OBJECTIVE: To examine whether judgments about hospital length of stay (LOS) vary depending on the measure used to adjust for severity differences. DATA SOURCES/STUDY SETTING: Data on admissions to 80 hospitals nationwide in the 1992 MedisGroups Comparative Database. STUDY DESIGN: For each of 14 severity measures, LOS was regressed on patient age/sex, DRG, and severity score. Regressions were performed on trimmed and untrimmed data. R-squared was used to evaluate model performance. For each severity measure for each hospital, we calculated the expected LOS and the z-score, a measure of the deviation of observed from expected LOS. We ranked hospitals by z-scores. DATA EXTRACTION: All patients admitted for initial surgical repair of a hip fracture, defined by DRG, diagnosis, and procedure codes. PRINCIPAL FINDINGS: The 5,664 patients had a mean (s.d.) LOS of 11.9 (8.9) days. Cross-validated R-squared values from the multivariable regressions (trimmed data) ranged from 0.041 (Comorbidity Index) to 0.165 (APR-DRGs). Using untrimmed data, observed average LOS for hospitals ranged from 7.6 to 23.9 days. The 14 severity measures showed excellent agreement in ranking hospitals based on z-scores. No severity measure explained the differences between hospitals with the shortest and longest LOS. CONCLUSIONS: Hospitals differed widely in their mean LOS for hip fracture patients, and severity adjustment did little to explain these differences. PMID:8885854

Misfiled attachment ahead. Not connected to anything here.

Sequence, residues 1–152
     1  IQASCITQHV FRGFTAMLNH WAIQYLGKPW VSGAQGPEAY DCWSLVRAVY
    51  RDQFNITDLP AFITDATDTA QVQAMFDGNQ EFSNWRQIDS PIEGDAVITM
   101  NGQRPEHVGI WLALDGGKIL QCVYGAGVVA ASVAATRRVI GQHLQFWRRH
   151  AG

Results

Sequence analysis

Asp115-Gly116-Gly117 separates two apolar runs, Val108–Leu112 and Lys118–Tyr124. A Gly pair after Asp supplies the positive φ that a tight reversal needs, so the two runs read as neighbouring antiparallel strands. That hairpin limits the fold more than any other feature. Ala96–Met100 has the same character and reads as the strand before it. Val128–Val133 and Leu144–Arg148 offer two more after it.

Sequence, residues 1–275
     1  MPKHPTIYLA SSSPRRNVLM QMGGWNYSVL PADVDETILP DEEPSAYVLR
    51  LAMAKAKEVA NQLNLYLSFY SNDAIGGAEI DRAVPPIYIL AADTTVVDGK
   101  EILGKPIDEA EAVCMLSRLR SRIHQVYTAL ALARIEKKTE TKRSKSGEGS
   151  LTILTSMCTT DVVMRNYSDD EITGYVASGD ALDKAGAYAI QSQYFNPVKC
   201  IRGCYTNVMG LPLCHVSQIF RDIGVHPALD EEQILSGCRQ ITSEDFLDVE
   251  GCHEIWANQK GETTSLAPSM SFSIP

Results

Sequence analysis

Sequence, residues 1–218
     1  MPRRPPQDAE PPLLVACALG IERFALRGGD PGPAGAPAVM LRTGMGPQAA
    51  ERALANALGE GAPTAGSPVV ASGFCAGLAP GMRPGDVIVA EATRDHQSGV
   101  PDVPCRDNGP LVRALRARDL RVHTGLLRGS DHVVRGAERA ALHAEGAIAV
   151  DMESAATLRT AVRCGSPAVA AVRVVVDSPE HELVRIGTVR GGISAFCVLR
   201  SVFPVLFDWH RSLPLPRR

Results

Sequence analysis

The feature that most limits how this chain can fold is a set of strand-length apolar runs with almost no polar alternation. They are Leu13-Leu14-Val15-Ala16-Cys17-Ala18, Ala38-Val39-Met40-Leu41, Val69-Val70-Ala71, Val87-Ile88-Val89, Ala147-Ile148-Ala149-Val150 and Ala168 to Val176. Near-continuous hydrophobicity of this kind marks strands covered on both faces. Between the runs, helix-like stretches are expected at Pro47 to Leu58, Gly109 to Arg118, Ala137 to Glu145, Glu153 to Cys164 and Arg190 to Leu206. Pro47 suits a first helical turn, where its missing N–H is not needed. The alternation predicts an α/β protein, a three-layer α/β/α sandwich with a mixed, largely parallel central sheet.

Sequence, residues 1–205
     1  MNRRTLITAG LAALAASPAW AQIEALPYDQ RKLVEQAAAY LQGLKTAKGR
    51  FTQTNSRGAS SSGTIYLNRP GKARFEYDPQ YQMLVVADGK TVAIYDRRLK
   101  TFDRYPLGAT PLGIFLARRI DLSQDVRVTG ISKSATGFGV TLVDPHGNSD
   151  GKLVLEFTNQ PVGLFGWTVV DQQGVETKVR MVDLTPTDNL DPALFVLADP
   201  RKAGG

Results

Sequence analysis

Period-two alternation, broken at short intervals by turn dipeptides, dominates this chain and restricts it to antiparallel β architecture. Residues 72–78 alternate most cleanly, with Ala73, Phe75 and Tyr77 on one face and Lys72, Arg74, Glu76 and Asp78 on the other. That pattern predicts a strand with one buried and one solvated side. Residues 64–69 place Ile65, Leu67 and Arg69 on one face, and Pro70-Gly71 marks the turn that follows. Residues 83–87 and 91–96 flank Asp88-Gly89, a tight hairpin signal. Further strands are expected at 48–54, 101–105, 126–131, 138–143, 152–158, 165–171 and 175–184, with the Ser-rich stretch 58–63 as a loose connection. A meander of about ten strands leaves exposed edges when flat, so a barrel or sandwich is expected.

19. Diffusion length measurements in bulk and epitaxially grown 3-5 semiconductors using charge collection microscopy

    NASA Technical Reports Server (NTRS)

    Leon, R. P.

    1987-01-01

    Diffusion lengths and surface recombination velocities were measured in GaAs diodes and InP finished solar cells. The basic techniques used was charge collection microscopy also known as electron beam induced current (EBIC). The normalized currents and distances from the pn junction were read directly from the calibrated curves obtained while using the line scan mode in an SEM. These values were then equated to integral and infinite series expressions resulting from the solution of the diffusion equation with both extended generation and point generation functions. This expands previous work by examining both thin and thick samples. The surface recombination velocity was either treated as an unknown in a system of two equations, or measured directly using low e(-) beam accelerating voltages. These techniques give accurate results by accounting for the effects of surface recombination and the finite size of the generation volume.

  20. Diffusion length measurement in bulk and epitaxially grown III-V semiconductors using charge collection microscopy

    NASA Technical Reports Server (NTRS)

    Leon, R. P.

    1987-01-01